Landscapes get depressed too: limestone depressions pattern a wetland landscape

Aerial view of the Big Cypress National Preserve

Feature Image: Limestone depressions cover the landscape in the Big Cypress National Preserve in Florida, USA. (C) Google.

Article: Competition Among Limestone Depressions Leads to Self‐Organized Regular Patterning on a Flat Landscape
Authors:
Dong, X., Murray, A. B., & Heffernan, J. B.

Patterns are abundant in nature, from evenly spaced termite mounds and vegetation patches to repeating series of ridges and valleys to sand dunes. The questions of why these patterns are so uniform and why they are found in disparate settings has been the subject of intense scientific interest over the last decades. Mathematical tools have given scientists the ability to study these “complex systems,” where behavior of the whole system emerges from interactions between smaller parts. While many different systems have been studied, recently researchers from the Duke University and the University of California at Davis investigated a patterned landscape with mysterious origins: the large, evenly spaced depressions in limestone bedrock that cover nearly 3000 square kilometers of the Big Cypress National Preserve in the Florida Everglades.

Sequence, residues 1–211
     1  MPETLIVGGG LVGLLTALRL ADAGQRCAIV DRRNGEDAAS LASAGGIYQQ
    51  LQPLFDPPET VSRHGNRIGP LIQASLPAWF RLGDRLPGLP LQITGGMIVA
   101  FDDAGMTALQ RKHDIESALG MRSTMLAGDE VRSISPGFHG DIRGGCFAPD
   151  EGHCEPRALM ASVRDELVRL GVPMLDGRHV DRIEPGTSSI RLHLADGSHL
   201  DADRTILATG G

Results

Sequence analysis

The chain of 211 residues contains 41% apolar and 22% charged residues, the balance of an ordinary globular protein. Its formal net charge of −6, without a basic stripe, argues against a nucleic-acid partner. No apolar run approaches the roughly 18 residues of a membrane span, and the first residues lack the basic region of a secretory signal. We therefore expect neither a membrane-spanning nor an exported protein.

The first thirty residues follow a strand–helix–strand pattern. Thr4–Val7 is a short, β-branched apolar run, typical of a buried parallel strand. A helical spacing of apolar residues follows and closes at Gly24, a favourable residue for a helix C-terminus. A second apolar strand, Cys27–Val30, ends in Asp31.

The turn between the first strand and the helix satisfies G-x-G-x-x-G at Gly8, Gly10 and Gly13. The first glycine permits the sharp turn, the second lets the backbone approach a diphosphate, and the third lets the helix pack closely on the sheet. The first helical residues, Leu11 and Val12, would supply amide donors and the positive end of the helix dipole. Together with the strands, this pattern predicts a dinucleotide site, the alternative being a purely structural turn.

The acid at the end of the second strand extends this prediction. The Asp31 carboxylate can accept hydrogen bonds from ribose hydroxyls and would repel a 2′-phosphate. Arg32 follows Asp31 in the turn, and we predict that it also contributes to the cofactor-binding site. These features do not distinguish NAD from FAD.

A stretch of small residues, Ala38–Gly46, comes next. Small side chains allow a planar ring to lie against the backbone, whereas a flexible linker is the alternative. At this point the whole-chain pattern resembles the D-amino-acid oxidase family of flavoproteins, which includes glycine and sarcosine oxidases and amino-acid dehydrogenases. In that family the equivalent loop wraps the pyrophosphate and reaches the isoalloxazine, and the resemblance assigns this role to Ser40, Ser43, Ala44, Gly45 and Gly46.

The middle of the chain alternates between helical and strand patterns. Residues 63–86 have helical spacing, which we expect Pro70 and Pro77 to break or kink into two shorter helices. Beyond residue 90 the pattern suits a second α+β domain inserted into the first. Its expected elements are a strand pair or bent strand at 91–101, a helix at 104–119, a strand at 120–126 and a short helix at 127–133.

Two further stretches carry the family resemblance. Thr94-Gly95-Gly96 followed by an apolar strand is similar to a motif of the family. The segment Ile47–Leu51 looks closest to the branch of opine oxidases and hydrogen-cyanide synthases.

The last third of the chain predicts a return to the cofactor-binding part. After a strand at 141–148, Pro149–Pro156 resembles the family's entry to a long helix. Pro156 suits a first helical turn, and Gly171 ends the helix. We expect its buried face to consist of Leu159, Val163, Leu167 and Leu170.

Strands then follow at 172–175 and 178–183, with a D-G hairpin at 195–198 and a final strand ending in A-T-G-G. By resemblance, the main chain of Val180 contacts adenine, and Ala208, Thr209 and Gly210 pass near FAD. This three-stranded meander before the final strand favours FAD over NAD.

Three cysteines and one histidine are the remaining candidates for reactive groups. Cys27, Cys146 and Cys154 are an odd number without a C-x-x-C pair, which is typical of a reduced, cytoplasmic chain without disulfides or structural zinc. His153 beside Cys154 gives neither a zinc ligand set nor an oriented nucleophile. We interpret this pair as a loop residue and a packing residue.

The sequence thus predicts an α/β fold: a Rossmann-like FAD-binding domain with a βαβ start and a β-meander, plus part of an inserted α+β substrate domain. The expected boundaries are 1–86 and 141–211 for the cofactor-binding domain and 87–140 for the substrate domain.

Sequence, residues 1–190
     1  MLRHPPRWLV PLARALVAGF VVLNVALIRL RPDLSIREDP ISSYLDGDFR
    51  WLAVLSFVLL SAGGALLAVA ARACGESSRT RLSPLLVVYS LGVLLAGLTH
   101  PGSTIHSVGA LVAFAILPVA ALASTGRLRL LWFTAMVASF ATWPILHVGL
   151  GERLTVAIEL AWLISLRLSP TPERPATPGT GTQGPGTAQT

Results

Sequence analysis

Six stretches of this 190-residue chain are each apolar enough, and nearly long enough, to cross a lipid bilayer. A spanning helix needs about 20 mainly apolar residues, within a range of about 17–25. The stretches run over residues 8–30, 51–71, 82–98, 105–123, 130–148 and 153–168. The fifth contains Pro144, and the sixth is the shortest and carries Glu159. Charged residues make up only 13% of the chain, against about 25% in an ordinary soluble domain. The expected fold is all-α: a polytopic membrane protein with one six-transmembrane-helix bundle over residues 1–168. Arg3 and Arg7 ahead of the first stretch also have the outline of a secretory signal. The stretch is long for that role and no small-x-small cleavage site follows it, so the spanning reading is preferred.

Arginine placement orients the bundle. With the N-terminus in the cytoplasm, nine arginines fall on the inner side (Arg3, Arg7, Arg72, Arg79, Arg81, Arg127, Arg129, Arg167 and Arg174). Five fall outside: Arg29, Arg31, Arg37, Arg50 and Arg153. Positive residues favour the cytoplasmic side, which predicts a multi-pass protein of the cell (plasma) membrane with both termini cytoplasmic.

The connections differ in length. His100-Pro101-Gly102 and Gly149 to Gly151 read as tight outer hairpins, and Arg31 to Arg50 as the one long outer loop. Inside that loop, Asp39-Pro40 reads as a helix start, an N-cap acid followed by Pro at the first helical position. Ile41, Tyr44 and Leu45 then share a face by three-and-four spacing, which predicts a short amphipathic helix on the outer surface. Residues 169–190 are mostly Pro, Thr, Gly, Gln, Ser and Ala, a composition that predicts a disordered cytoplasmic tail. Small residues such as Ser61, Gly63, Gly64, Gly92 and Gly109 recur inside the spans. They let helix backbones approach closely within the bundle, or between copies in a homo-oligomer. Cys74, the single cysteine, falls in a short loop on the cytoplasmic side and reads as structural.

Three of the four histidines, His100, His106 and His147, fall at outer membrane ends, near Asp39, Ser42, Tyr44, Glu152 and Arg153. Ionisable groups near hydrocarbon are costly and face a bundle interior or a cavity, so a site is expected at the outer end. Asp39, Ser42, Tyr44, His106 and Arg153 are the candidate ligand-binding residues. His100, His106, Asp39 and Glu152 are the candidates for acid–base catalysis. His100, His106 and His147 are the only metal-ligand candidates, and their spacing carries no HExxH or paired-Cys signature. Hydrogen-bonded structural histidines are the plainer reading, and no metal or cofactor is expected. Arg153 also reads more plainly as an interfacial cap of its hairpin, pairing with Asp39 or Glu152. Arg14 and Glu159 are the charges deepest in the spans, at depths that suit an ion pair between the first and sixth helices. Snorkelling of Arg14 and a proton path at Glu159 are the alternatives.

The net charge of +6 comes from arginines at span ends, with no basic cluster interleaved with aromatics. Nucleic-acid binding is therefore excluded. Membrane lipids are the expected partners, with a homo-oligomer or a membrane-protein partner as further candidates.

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When Lightning Strikes! Fulgurite Formation and Earth’s Weather

Paper: Lightning-induced weathering of Cascadian volcanic peaks


Authors: Jonathan M. Castro, Franziska Keller, Yves Feisel, Pierre Lanari, Christoph Helo, Sebastian P. Mueller, C. Ian Schipper, Chad Thomas

The bright flashes followed by the loud thunderclaps of large storms are inherently transient, but a recent study by Castro et al proposes a new approach to investigating the history of storm activity and extreme weather events on Earth: through fossilized lightning strikes, or fulgurites.

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